by Don Kazak
What began last week as a desperate search for a rapist who strikes swiftly and randomly, had evolved by early this week into a painstaking Peninsula-wide manhunt for a serial criminal who appears to be well aware of his own publicity. Joining forces with Sunnyvale police and police agencies in both counties, Palo Alto and Menlo Park police tracked down numerous leads through the weekend in their search for the man suspected in five rapes and one attempted sexual assault since Aug. 21. All but one of those assaults occurred last week alone.
"In my 27 years (as an officer), I have never seen a rapist attack so many women in so short a time," said Menlo Park Police Chief Bruce Cumming. "It is unprecedented."
The search was contained to the Midpeninsula for most of the week, but was widened Friday after the rapist struck again around 7:30 a.m. near the Sunnyvale Clinic. Early this week, police were maintaining a round-the-clock effort in an attempt to catch the man. Police in Palo Alto, Menlo Park and Sunnyvale also announced a $25,000 reward for information leading to the man's arrest and conviction.
The Palo Alto Police have also dedicated a telephone line for information from the public on the rapist: 329-2307. Through Monday morning, police had received nearly 250 tips tips.
"We are prioritizing each and every call," said Palo Alto officer Lori Kratzer on Monday. She said people have been leaving names of possible suspects and license numbers of older white vans, which is the type of truck the man is reportedly driving.
Kratzer said that police from Palo Alto, Menlo Park, Sunnyvale, East Palo Alto, Stanford University, Mountain View, the San Mateo and Santa Clara counties sheriff's departments, as well as investigators from the state Department of Justice, are working on the case.
Police also got some help from members of the Guardian Angels who began walking patrols and circulating fliers in the Old Palo Alto neighborhood where the last attack in Palo Alto occurred.
- "There is a violent sexual predator loose right now," said Palo Alto Police Chief Chris Durkin. "We are taking this very seriously and are pulling out all the stops."
Among other things, unmarked police cars were reportedly seen at several key locations during the weekend to monitor traffic entering Palo Alto on several streets.
The attacks began with a Menlo Park rape on Aug. 21. A second occurred on Tuesday afternoon, Sept. 5 when a 16-year-old girl was attacked while crossing the footbridge over Highway 101. Another attack occurred in Palo Alto around 9 p.m. that night when a woman walking the Cubberley Community Center was grabbed from behind and pulled into a van.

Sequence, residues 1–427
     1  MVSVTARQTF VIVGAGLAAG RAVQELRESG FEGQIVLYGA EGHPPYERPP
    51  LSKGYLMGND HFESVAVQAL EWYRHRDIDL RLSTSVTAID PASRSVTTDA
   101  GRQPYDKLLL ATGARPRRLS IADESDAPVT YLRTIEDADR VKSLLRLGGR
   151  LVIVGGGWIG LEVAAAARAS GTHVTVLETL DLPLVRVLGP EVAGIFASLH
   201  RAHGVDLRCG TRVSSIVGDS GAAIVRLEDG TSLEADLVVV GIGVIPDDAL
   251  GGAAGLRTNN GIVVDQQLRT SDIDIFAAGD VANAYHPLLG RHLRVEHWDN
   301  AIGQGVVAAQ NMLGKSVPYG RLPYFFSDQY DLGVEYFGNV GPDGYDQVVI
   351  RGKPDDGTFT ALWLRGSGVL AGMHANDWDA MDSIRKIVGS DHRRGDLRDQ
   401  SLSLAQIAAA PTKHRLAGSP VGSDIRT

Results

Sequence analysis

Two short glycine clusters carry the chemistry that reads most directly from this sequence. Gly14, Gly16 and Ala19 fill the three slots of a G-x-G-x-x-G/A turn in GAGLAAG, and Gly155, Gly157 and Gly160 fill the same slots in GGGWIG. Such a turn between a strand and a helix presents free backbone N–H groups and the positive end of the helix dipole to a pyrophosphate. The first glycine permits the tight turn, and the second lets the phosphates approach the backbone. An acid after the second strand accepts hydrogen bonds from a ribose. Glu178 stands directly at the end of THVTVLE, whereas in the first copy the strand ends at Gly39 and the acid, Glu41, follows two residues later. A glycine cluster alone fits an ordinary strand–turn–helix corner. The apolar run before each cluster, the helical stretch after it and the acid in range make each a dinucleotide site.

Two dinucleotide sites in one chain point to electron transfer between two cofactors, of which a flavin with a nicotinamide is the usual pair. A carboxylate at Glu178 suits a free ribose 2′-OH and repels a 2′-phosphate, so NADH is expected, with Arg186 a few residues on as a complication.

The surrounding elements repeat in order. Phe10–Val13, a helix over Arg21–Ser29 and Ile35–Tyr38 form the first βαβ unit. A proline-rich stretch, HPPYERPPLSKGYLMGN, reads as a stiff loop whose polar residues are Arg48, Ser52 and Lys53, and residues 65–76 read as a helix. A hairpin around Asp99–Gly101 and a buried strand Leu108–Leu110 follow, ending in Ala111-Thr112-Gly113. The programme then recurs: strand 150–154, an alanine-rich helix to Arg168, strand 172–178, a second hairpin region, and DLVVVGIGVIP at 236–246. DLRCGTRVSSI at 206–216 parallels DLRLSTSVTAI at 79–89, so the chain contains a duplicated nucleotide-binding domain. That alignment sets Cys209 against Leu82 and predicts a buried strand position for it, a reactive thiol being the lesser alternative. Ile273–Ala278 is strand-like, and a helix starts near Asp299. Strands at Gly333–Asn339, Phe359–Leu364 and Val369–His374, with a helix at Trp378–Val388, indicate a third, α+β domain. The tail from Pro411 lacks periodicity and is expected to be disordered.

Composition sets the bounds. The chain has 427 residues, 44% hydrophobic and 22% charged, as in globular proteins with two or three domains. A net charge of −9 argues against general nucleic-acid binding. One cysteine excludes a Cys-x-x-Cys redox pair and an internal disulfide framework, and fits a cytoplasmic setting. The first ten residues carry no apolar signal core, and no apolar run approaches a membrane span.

That attack, however, was not made public until Sept. 7 after another Palo Alto woman was raped when she was pulled into a van near the corner of Tennyson Avenue and Webster Street around 11 a.m.
Police say that it took more than a day to make the connection between the Palo Alto attack and the Menlo Park assaults because the Tuesday night victim fractured her shoulder and was in shock. Palo Alto detective Luis Verbera was at Stanford Hospital all night waiting for the woman to be coherent. She had been given pain-killing drugs which prevented her from talking to him until around 6 a.m.
The rapist apparently attempted to strike again that night, last Wednesday, at Fulton Street and Hamilton Avenue in Palo Alto, but his intended victim, an 18-year-old woman, "screamed and struggled and got away," said Kratzer.
"If you believe you are in danger, don't be afraid to run or scream," Cumming advised.
The victims, through last Thursday, had all been walking or running alone, often in busy, open areas, mostly in daylight.
"Walk or jog with a friend," Cumming advised. "Walk in well-lighted areas. Walk against the (car) traffic."
Police called a news conference Thursday evening at the Palo Alto Civic Center in hopes of drawing more attention to the crimes. Cumming and Durkin put out a plea for anyone who might have seen the rapist.
Police think he may have attacked other women in the area. "Often, for every attack, two go unreported," Cumming said.
"He is very physical and clearly a very violent person," Durkin said. The man is so strong that he has physically overpowered his victims without the use of any weapon.
"I am positive people have seen him," Durkin said. "This person will obviously keep attacking."
The first four victims of the rapist ranged in age from 16 to 57. "They have no commonalty of age or race," Durkin said.
"From an investigator point of view, he is frightening," Kratzer said.
East Palo Palo police Chief Wes Bowling dedicated his seven detectives to the effort. "Palo Alto and Menlo Park have been so helpful to us," he said. "It's one way we can pay back their kindness."
Palo Alto police also decided on Friday morning to send fliers warning about the rapist to all area high schools, in part because the second victim in Menlo Park was 16 years old, said Palo Alto officer Kratzer.
"We are making sure they (students) know and making sure they know it can happen to them," Palo Alto High School Principal Marilyn Cook said on Friday,
Cook said teachers alerted their classes on Friday about the rapist.
Women in the two cities have obviously been badly frightened by the news of the rapist.
"We're all scared," said Diane Dittmar, a resident of Suburban Park in Menlo Park, near the scene of the first two daylight attacks.
"I go jogging in the morning three or four times a week, but I stopped," she said. "It changed the way we are living our lives."
Weekly reporter Elizabeth Darling contributed to this story.
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